Organizational Readiness Assessment
An Organizational Readiness Assessment to Build Health Equity
within the Organization
The Building Health Equity (BHE) training team’s principles that guide our training work:
The principles that guide our team’s work are the following:
‘Inside’ work – i.e., work that we each do as individuals to understand our positionality with respect to Building Health Equity – is critical to moving forward in just and equitable praxis in our jobs and lives. This inside work requires deep reflexivity.
We are not experts, but rather co-learners in a lifelong process of understanding historical and present oppressive structures and systems, and our positionality with respect to the current status quo. In the space of this training, we consider ourselves facilitators of this process of co-learning.
In line with the above, we do not have the answers. There is no checklist we can give participants that they can check off in their quest to be ‘equitable’ or apply ‘equitable’ practices. The hard work of figuring out how to apply the ideas/approaches/tools we cover in the training is on the participants individually and in groups within their units/departments/or larger health departments.
Although changes in policy and procedures at the health department level can co-occur with the inside work, the former cannot be done well without a real commitment to the inside work. Otherwise, it is tokenistic work.
Commitment to Building Health Equity requires time (it is not a fast process) and willingness to question/explore almost everything, and to sit with discomfort. It also requires being willing to imagine and implement transformational approaches. We understand that transactional approaches may need to also occur in the short term, but they alone will not build health equity.
Commitment to Building Health Equity is inclusive of all staff at the health department. Often those that may ‘see’ the impact of disparities the most are the front-line staff. Their stories thus become powerful drivers in the quest for equitable practices.
In this work, we center the narrative, stories, and comfort of communities that historically have and currently are experiencing oppression, marginalization, and stigma. This means that we do not prioritize the comfort of dominant social identities.
Finally, at an organizational level, engaging in BHE requires some basic building blocks of readiness that we highlight below. If the organization is not currently at high readiness, then we may not be able to move forward with the basic BHE training. However, the readiness assessment can also suggest places for the organization to emphasize to increase their readiness for this work.
We acknowledge that this need for readiness before implementing the basic BHE training has the potential to further inequities between organizations. Our goal is to decrease these inequities. A list of resources to support organizations in lower phases of readiness will be shared, including other potential training by teams at the UI or elsewhere.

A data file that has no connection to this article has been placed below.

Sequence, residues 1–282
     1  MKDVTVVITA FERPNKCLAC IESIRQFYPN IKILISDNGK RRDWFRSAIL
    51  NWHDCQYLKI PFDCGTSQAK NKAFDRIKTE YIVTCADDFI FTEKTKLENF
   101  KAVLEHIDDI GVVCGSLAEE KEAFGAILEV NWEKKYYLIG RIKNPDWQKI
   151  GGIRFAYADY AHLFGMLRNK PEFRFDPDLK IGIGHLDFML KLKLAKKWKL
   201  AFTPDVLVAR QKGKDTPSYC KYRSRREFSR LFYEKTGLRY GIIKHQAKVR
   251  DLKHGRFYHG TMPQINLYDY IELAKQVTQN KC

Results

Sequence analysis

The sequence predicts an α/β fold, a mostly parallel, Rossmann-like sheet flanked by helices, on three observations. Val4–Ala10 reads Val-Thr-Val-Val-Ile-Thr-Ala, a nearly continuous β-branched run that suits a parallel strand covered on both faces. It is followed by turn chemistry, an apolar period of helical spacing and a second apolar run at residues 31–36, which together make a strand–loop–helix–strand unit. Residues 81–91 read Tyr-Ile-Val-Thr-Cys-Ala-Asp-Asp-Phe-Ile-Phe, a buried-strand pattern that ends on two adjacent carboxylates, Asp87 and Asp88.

We acknowledge that readiness in smaller health departments may look different from readiness at larger health departments due to the limits of human and other resources, and we are committed to working with both larger and smaller health departments to do this work. The readiness assessment described below is specific to larger health departments.
Process for exploring organizational readiness: The process includes:
- Assessment tool with leadership of the health department: an assessment of the general commitment to BHE at the level of leadership of the health department, and
- Assessment survey of employees: an assessment of the environment of trust from the perspective of employees. The survey must be completed by at least 70% of employees, in a range of departments and ranks.
I. Assessment tool with leadership: The process includes a review of work already done at the health department (HD) that we consider necessary prior to engaging in BHE training. The review requires (1) a document review by our team, and (2) a discussion with leadership. The BHE/CPH team can do the work to find the answers to these questions and/or to the relevant documents if they can be found on the website. If not, we need a point person with whom to communicate. The discussion with leadership must include the HD Director, health equity champion (if such exists), and any other top leadership the HD Director wants to include.
- Level of trust that staff perceive in the organizational environment
- Perceptions of staff that their leadership has their back
- Perceptions of staff that the working environment is one where risks (to improve processes and outcomes) can be taken without damaging consequences to themselves
- Concerns over repercussions of saying the ‘wrong’ thing
- Comfort level of staff with discussions around health equity
- Commitment of staff to health equity work (or is it just the leadership pushing the agenda)
- Commitment of staff with the need for inside-work
- Perceptions of staff that the organization’s leadership is willing to commit consistent time and resources to health equity for an extended period
- Level of comfort of staff with tensions that may arise in this work
- Perceptions of staff of the extent of importance of this work? What priority does it take over other work your organization does?
- Extent of time and emotional capacity for this work
Access this Organizational Readiness Assessment as a PDF by clicking on the button below.